Wednesday, February 1, 2017
I carry around more anxiety than I used to. As a child, I had the luxury of not worrying about whether dinner would be ready when I got home from playing around in the neighborhood. As a teenager, I experienced the pains of lovesickness and brokenheartedness, but I never even considered the possibility that I wasn't loved or appreciated by my family and friends. As a college student, I pursued a stressful course of study that left me wondering whether my grades would be good, but I never entertained the thought that I would be unemployed after graduation. Back then, worries were specific and defined. Somehow as an adult, my worries have morphed into less concrete but more powerful anxieties that I carry around wherever I go.
I could make a long list of the things I worry about, beginning with my four children and moving quickly to our parish. There are people and problems and uncertainties and budgets and limitations. Some of my worries are global or national--terrorist threats or elections or economic indicators. Some of them are local or personal--broken marriages or failing schools or damaged friendships. None of them is particularly egregious. There are days when a pressing matter like a dying parishioner or a difficult meeting or a tight deadline increase my level of anxiety, but there isn't one thing or even a particular list of things that occupy my mind. It's more of a suitcase of anxiety--a general sense of concern and worry and doubt that I lug around with me wherever I go. Some days that bag is heavier than others, but I'm always pulling it behind me no matter what day it is.
In Matthew 6:25-33, Jesus says, "Do not be anxious about your life. Do not worry about what you will eat or drink or what you will wear. Can you add even a singly hour to your life by worrying? So why bother being anxious?" Why, indeed? Jesus invites us to see what has become harder and harder for us to see--that, as children of a loving God, we have nothing to worry about.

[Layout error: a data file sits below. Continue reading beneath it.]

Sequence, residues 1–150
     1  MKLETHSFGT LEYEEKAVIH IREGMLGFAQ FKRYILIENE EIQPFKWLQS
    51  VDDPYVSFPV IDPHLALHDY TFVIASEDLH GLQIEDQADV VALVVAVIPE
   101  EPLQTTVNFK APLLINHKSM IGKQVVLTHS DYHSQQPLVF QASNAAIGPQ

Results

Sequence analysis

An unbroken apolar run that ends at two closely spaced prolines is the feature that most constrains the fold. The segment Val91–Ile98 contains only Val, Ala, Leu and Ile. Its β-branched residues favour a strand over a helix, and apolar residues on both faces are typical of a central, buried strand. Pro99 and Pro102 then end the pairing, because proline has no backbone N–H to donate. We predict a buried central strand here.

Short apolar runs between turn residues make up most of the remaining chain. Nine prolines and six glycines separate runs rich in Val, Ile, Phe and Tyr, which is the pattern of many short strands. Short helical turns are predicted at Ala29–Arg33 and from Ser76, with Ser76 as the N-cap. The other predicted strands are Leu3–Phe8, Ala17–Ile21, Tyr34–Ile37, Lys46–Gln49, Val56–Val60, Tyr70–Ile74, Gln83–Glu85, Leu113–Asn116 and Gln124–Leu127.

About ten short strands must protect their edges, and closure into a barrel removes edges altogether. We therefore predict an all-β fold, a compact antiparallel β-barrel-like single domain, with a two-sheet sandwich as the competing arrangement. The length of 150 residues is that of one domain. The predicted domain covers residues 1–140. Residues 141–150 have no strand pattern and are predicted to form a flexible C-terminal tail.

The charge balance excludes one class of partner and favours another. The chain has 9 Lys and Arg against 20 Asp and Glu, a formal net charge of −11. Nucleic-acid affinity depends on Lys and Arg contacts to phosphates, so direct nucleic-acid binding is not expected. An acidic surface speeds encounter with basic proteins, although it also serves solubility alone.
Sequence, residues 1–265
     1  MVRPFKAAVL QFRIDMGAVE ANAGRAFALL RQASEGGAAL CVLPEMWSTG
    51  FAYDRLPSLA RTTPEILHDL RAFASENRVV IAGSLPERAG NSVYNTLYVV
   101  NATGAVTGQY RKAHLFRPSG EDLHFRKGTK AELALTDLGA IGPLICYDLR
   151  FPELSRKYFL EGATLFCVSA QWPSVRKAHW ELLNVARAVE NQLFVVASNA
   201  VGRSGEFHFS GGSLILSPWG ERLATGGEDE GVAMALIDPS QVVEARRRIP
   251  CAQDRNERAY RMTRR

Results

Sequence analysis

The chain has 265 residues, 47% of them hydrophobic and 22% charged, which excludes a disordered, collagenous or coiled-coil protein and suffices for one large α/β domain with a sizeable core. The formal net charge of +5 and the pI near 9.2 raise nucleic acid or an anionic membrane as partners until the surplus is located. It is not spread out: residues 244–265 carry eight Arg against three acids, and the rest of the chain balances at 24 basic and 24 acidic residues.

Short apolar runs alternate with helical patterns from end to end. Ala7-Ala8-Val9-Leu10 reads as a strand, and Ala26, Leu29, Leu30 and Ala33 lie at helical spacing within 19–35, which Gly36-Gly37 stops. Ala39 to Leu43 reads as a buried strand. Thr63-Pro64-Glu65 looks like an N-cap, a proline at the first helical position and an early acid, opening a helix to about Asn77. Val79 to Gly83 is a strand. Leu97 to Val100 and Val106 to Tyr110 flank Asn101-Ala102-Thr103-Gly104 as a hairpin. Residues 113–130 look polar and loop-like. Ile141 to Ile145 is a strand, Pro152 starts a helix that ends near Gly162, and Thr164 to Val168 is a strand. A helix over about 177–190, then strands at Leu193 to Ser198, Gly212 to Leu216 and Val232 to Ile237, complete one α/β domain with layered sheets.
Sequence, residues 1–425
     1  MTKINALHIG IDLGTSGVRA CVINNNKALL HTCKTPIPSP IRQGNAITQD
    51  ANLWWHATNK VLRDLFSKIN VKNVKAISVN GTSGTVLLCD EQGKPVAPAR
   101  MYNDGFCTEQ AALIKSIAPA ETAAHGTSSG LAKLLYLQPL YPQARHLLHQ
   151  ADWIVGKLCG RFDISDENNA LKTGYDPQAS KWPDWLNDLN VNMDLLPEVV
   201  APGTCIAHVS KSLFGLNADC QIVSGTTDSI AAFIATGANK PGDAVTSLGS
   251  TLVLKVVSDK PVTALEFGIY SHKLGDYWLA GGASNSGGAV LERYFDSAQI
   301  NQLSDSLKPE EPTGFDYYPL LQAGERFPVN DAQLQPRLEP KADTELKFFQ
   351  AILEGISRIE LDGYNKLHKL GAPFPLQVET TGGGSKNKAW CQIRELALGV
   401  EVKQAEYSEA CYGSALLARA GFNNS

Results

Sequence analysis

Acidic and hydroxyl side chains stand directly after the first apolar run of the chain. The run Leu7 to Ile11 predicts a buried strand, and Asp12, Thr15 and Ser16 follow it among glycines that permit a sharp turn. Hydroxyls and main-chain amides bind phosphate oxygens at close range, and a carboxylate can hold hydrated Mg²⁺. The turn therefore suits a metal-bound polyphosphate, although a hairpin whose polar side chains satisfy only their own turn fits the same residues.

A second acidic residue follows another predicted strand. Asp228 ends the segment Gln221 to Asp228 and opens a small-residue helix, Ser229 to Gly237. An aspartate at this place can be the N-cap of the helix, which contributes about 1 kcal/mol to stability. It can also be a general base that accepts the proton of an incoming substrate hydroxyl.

On the surface, this might sound like unhelpful advice. Jesus says, "Look at the birds. They neither sow nor reap, and your heavenly Father feeds them. Aren't you more valuable than sparrows? Look at the lilies of the field. They neither toil nor spin, yet has anyone ever been as beautifully arrayed as they? Yet they are here today and tomorrow gathered up and burned in the fire. Aren't you more valuable than that?" Jesus tells us to trust that God will provide for us, but when was the last time God sent you a new winter coat in an Amazon box? When was the last time God went to the grocery store for you? When was the last time God paid your power bill, filled up your gas tank, or paid your mortgage payment? When was the last time God promised to pay your children's college tuition or fund your 401(k)? When was the last time God fixed the relationship with the son who isn't speaking to you or cure the addiction that is plaguing your daughter's life? Don't those things require our effort? Isn't it our job to take care of all of that?
It is. And, if we don't, all of those things will fall apart. But the problem is that we allow our responsibility to become anxiety when we allow material concerns to obscure our sight of spiritual realities.
A few days ago, I tried to explain to one of my children what would happen if an interaction with her teacher did not go well. "What happens if she gets mad at me?" she asked. I replied, "Don't worry about it. Everything will be ok. Just be honest and try your best." Then she said, "What if she sends me to the principal's office?" And I said, "But she won't." And then she said, "What if I get suspended from school?" And I realized I had two different issues going on at once. On the one hand, these concerns were truly irrational, but that didn't matter. Aren't our fears usually irrational? No amount of explaining would help, so I took the other approach. "If your teacher gets mad, and the principal gets mad, and you get suspended, don't worry about it because, no matter what, your mother and I will have your back. We will always love you. Just try your best, be respectful, and know that we will take care of you even if you get suspended." It's easier for me to say that to my daughter than it is for me to believe it about myself. Why is that?
As I have gotten older, my concerns have not been any more real or any more consequential, but my ability to trust that, no matter what, things will be ok has waned. I don't have an earthly mother or father looking over my shoulder and saying, "Don't worry: no matter what we have your back." But Jesus is asking me to see and know that my heavenly father is saying that to me. He's saying that to all of us. No matter what, God has our back. There are no limits to God's love. Nothing can break the bond that exists between us and God. Now, the things that test the limits of that bond are pretty serious. Addiction, depression, poverty, illness, and death are all pretty serious. The hope God gives us doesn't come from ignoring that fact. But it comes from knowing that on the other side of death God is waiting to welcome us into his loving arms. The road between here and there is often filled with deep hardship and considerable loss, but God is bigger than that, and the road always, always, leads to God. Do not worry, Jesus says, because no matter how hard you fall, God will catch you--maybe not in this life but certainly in the next.